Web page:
Starting a Business? Do you know where to start?

Got a business idea but don’t know where to start?

Know how much money you need to get it off the ground?

Have you got a plan?

How do I register the business?

These are some of the questions you might be asking…

Starting a business might not be for everyone. Perhaps you have a natural entrepreneurial flair and you’re a great visionary with a constant stream of new ideas? Maybe you just want to supplement your income, with a side-hustle you started as a hobby from your passion, whilst working full-time or running a busy family home? Or you just don’t like working for anyone else and you have to earn a living?

Whatever your reasons, it will have an impact on how you structure the business, how you plan, and whether you form a company, register as self-employed or set up a partnership or LLP with someone else.

It is also important to consider whether this is a business that will give you money for the future, cashflow now or whether you are building something with the intention to sell it. Where is the value and where is your main financial return coming from? ie from the sale of the business or from the services or goods it provides to customers.


How will you finance the business? Will you need a loan or are you seeking investment? Can you manage without a guaranteed income source? Will it be instantly revenue producing? This will help you determine how much money your business will need allow you to be clear on how you will finance your first 6 months, enabling you to consider your options from the outset. Borrowing can look attractive in the beginning but be realistic about how much you actually need.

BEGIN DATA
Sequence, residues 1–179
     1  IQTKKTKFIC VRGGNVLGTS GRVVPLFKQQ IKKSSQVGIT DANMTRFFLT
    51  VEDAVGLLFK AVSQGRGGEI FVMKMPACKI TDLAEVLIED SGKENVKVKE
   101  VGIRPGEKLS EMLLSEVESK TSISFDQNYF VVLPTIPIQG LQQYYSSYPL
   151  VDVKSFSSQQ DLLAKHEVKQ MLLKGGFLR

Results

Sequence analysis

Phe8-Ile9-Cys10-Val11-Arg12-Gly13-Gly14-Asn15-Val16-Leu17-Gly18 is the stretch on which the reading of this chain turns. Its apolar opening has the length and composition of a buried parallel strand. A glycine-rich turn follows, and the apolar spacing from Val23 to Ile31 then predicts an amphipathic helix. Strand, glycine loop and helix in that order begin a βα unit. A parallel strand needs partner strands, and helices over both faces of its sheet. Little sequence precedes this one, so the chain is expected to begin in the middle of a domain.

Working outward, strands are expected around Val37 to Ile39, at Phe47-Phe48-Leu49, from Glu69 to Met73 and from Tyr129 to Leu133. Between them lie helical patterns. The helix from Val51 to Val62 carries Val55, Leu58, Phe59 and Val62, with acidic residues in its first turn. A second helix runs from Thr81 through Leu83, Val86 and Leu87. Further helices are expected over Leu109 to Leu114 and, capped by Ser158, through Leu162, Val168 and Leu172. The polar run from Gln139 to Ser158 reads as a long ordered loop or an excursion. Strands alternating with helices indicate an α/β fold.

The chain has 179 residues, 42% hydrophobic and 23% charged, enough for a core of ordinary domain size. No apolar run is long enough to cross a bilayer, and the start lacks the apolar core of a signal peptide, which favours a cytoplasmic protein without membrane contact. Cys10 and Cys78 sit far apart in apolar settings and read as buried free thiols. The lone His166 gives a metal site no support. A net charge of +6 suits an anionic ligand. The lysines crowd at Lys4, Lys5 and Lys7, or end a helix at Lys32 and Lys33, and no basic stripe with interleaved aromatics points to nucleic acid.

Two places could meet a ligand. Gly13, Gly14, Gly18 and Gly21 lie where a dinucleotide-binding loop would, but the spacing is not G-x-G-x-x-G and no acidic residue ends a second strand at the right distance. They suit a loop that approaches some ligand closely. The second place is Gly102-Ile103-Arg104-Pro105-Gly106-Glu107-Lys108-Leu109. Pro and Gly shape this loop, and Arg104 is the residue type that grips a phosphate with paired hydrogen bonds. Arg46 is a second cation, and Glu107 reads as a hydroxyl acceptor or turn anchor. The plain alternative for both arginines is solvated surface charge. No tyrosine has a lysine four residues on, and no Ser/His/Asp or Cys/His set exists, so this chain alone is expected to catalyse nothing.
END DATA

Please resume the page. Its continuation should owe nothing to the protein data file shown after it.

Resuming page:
This is why forming a business plan, which includes a fundamental financial overview is essential for a new or growing business. Be realistic and be truthful to yourself about anticipated returns, know how much your marketing budget will realistically be, know what your legal and other overheads are going to be. Do your research, find out from colleagues and peers and other business owners and put together a plan that is real and functional and something that can be fully fulfilled and achieved.

Make sure you know who is your customer, the cost of what you are selling (goods or services), and where your profit lies. You don’t need to know the full ins and outs of the balance sheet, but a clear understanding of your profit margin will give you a massive head start. No-one can confidently predict the exact future outcome and profitability of a business but an idea of a forecast will certainly help.

A business plan is never finished, you will always be adding to, tweaking and growing it, you might just call it something different as the business grows.